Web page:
“He’s the devil. How can we fight the devil? That tongue of his, the power of it! He molds the thoughts in people’s heads with his tongue, Jane. Their brains melt. He makes them think what he wants them to think. They’re all his puppets. And he’s the great director. Look at him now. He’s killed twice, committed two murders, and everybody is down there weeping for him.”
They say money can’t buy happiness, and Mathilda Frazier is the living proof. First her fiancé Oliver jilts her days before the wedding, to marry her poor but beautiful cousin, Althea. She goes on a cruise to try and forget, only to be reported dead after a shipwreck. When she finally returns home months later, a handsome stranger is waiting on the dock. He says he’s her husband. Mathilda is sure she’s never seen him before.
At least she has Grandy. Her guardian Luther Grandison loves her even if she is, as he keeps reminding her, an ugly duckling. Mathilda has never really thought about whose money is paying for Grandy’s luxurious lifestyle. It’s never occurred to her that he might have been happier with her dead.
From the very start, we know what Luther Grandison has done. His secretary Rosaleen is supposed to have committed suicide by hanging. Her aunt Jane and fiancé Francis are certain she was killed by her employer—they just don’t know how or why. To get close to Grandison, they infiltrate his house undercover, with Jane as his new secretary and Francis posing as Mathilda’s widower. When his “wife” returns from the dead, Francis and Jane have their work cut out to keep her alive.
Lest you think I’m giving away too much plot, this is all revealed in the first two chapters. The Unsuspected is a slow starter that grows more powerful as it goes. For a while, Armstrong is more interested in the characters’ emotional reactions than in generating suspense. This pays dividends later, as the reader becomes invested in Mathilda’s quest for independence and Francis’ recovery from the dual shocks of war service and his fiancée’s death.
This is not so much a murder mystery as a portrait of a monster and of those who would fight monsters. Grandy is a theatre director, one of those public-intellectual murder aficionados that are so prevalent in crime fiction. His theatrical background aids him in manipulating others and shields him from discovery. Paradoxically, the more shamelessly hammy and artificial his maneuvers are, the more they evoke the affection of his friends and family. Oh, that’s our Grandy, with his dramatic personality! They mistakenly believe his performances are an exaggerated version of his true feelings, failing to realize how calculated his little scenes are.
Grandison’s relations with his two nieces are satisfyingly creepy. The lovely and amoral Althea is the one he loves (as much as he can love anyone)—and why not, as he’s created her in his image? To adorn Althea and maintain his jewel box of a house, he needs Mathilda’s money. That means keeping her close to him, as he will lose his guardianship if she marries. He must convince her that only he could love her. Mathilda tolerates Althea’s selfishness as the price of living with Grandy, failing to recognize his own, barely more subtle, emotional abuse.
“There’s a pressure in my house. You can’t see it, of course. You can’t hear it. Five senses don’t betray it to you, but you feel it all the same. I was afraid of it before. It’s death, I think. Not our familiar death that comes on schedule for the old or the sick. This is Death, the fascinator. The Death that’s like a dark lover. Don’t you see, duck? If it got [her] it was because it got her unaware. She didn’t know. She hadn’t been warned. There’s an attraction, a dreadful pull. Have you never stood on the edge of a steep drop, Tyl, and felt the urge to go over?”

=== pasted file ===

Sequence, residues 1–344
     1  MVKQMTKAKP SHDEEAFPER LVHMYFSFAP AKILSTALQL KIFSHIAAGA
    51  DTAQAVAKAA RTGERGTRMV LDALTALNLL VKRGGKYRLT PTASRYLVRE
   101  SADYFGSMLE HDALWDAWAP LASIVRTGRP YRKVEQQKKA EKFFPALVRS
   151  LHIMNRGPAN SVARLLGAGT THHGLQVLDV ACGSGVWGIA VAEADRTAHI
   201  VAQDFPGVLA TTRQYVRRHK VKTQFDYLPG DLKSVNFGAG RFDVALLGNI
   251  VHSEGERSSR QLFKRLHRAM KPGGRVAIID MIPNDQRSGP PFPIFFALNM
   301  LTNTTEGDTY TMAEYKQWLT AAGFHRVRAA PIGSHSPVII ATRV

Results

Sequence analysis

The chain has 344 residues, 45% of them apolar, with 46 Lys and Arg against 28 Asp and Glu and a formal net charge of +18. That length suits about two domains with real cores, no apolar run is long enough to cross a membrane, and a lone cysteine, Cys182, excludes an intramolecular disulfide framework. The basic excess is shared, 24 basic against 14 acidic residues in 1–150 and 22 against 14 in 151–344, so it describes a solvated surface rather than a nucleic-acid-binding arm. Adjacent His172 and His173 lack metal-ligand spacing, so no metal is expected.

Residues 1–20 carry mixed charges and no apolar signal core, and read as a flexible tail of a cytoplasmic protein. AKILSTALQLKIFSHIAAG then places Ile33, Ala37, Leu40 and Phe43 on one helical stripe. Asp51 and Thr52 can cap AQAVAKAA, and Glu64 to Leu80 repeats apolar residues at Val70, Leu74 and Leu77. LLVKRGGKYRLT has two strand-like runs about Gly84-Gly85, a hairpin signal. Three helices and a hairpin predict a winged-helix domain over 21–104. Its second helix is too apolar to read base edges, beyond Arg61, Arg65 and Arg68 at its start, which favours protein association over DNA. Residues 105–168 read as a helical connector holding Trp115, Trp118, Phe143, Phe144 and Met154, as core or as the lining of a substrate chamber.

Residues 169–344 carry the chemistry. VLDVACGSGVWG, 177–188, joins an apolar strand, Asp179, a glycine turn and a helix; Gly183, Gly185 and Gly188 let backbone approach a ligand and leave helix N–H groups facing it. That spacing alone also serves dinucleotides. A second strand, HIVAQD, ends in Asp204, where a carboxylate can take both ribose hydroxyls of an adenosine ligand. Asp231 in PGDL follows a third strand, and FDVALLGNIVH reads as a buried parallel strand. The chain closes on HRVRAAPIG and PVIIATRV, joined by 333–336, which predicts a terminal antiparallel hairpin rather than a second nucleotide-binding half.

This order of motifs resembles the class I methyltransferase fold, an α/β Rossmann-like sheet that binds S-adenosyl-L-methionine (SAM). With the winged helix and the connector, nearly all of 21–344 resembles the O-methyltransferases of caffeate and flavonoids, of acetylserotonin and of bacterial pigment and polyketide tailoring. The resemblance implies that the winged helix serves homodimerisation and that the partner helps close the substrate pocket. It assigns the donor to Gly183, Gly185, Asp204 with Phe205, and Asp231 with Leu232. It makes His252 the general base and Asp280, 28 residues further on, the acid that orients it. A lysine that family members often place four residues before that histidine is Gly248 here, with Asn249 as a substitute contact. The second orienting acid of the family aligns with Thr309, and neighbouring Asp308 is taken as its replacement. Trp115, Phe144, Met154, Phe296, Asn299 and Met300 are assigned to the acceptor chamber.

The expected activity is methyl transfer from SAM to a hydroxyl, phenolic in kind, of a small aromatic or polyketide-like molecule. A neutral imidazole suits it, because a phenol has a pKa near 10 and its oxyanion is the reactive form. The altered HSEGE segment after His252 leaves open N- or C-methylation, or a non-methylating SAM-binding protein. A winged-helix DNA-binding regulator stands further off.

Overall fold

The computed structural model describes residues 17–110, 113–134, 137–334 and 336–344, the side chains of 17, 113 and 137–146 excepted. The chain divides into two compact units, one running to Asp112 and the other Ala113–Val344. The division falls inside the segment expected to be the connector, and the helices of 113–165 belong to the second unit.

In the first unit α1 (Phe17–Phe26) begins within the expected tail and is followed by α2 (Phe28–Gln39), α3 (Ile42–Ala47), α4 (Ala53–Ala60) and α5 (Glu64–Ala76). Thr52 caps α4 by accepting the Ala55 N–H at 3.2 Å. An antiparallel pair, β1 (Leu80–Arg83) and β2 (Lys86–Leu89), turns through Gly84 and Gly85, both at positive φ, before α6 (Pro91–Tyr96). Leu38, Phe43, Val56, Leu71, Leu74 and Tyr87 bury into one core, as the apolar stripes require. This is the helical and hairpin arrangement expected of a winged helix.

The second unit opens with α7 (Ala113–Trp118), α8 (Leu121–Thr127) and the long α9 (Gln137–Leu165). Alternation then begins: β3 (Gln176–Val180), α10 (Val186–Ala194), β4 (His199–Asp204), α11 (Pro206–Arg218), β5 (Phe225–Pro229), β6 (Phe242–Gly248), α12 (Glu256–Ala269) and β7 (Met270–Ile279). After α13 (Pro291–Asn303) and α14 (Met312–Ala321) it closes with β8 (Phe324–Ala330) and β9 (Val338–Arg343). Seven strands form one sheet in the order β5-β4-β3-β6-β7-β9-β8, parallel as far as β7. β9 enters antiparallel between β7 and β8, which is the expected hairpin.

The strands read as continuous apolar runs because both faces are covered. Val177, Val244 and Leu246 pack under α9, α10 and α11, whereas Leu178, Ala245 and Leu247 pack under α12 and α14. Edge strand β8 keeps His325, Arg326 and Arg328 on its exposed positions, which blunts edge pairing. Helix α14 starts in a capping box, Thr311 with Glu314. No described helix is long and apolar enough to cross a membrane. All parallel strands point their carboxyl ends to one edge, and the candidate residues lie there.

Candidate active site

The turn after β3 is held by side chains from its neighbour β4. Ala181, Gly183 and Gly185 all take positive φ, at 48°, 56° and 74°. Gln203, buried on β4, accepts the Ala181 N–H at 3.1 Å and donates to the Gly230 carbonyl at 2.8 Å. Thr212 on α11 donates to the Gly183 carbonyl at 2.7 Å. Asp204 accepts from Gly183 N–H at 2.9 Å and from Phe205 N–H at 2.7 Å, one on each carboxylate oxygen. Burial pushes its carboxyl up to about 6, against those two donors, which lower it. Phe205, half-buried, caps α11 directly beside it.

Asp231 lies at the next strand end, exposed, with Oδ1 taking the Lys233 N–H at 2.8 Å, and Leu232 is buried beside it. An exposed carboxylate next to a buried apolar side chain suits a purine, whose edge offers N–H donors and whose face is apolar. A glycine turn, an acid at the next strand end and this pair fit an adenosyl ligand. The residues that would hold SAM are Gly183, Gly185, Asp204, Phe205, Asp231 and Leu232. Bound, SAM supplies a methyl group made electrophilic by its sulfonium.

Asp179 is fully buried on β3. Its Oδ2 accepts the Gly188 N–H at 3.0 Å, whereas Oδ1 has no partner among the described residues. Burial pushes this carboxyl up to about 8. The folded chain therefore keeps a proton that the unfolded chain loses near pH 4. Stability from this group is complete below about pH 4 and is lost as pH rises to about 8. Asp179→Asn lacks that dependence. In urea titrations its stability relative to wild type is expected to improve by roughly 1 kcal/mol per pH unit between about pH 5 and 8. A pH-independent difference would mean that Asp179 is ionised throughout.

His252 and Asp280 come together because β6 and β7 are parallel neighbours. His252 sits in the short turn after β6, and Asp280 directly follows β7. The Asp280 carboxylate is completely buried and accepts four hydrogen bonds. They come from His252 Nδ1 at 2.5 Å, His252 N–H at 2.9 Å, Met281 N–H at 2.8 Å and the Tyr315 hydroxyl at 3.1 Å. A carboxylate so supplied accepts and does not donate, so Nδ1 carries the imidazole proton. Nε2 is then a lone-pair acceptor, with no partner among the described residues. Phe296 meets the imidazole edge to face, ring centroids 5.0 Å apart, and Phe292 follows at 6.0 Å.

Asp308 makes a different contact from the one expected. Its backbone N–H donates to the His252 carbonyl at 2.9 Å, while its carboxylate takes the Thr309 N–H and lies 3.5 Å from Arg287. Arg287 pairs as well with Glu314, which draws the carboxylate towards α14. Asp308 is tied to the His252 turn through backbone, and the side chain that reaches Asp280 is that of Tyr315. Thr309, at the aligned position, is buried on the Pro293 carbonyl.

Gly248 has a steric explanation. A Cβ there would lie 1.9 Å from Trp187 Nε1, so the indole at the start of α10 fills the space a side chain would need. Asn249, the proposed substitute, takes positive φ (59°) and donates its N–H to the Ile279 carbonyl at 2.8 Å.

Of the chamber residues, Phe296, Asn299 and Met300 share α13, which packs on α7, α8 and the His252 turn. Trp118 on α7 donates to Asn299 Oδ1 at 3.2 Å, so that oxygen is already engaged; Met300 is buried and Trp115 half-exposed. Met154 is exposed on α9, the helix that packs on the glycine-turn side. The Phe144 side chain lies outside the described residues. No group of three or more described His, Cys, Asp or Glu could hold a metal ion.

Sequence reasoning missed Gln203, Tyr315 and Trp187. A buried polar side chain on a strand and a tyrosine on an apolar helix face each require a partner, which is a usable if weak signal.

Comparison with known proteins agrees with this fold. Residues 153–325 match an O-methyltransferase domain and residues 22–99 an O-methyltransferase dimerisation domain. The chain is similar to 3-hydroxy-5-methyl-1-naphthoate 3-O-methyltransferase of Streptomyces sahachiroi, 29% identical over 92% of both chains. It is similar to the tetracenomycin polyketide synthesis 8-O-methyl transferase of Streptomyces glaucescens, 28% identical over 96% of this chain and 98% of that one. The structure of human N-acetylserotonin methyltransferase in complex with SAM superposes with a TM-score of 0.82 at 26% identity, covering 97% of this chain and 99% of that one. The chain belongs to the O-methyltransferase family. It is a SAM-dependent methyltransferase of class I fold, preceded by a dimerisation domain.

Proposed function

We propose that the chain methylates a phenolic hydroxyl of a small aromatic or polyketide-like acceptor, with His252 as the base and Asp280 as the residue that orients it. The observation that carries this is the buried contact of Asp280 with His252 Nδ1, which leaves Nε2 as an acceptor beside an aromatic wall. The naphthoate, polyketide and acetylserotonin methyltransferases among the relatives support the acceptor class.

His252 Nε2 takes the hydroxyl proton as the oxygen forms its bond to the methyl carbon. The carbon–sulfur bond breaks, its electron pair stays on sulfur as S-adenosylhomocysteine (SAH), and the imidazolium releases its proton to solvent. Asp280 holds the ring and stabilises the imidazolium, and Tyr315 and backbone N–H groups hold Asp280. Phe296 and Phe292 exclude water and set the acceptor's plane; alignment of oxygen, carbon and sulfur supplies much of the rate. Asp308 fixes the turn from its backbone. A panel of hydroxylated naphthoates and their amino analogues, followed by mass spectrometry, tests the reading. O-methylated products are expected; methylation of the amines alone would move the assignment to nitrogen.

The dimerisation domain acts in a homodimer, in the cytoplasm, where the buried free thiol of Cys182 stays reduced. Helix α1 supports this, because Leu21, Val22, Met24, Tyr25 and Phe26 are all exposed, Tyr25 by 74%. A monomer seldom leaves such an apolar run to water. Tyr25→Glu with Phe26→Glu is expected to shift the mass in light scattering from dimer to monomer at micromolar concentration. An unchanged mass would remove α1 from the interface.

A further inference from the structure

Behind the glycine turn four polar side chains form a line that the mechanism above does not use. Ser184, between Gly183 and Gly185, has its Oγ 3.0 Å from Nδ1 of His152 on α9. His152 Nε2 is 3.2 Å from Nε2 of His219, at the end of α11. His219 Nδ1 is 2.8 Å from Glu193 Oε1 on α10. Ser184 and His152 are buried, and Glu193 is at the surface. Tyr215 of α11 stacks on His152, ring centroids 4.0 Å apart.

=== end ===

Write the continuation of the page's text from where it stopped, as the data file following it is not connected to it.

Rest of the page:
“Yes,” she whispered. “Yes, Grandy.”
“It’s similar, similar. Pressure. Pull. What difference? Something wants you to go over and be done with everything. Francis was so right, duckling, to be afraid.”
The central conflict of the narrative is Francis and Jane’s battle against such disingenuous evil. No dirt ever sticks to Grandison. It’s not so much that his lies are plausible, as that they are so very blatant that they almost circle back around again. It is easier for Mathilda, and even the police, to believe that an unlikely story might be true than to believe that a respected man would lie that audaciously. He manages to turn every accusation back onto the accuser. Somehow Francis ends up looking worse for having the bad manners to suspect his host of murder than Grandy does for having potentially committed the crime in the first place.
Francis thought what a fool he had been. We are so vulnerable to plain, unadorned violence. We tend to think our enemies will play by the rules. We can’t conceive of the rules being wiped out. We don’t really, except on the battlefield, believe in the existence of ruthless, violent people. We believe them when we see them. He ought to have known better.
At this time in particular, it’s cathartic to see good people stand up to liars and manipulators. Even outside of this context, however, The Unsuspected boasts a memorable villain and convincing relationships between the characters. If nothing else, this is surely the only romantic suspense novel that stages its climax at the city dump. That has to be worth something.
The Unsuspected is available as an ebook from Open Road Media/The Mysterious Press.
The 1947 film version is also available on DVD. It takes a slightly different, and even more effective, approach to the same plot elements. No scene at the dump, though.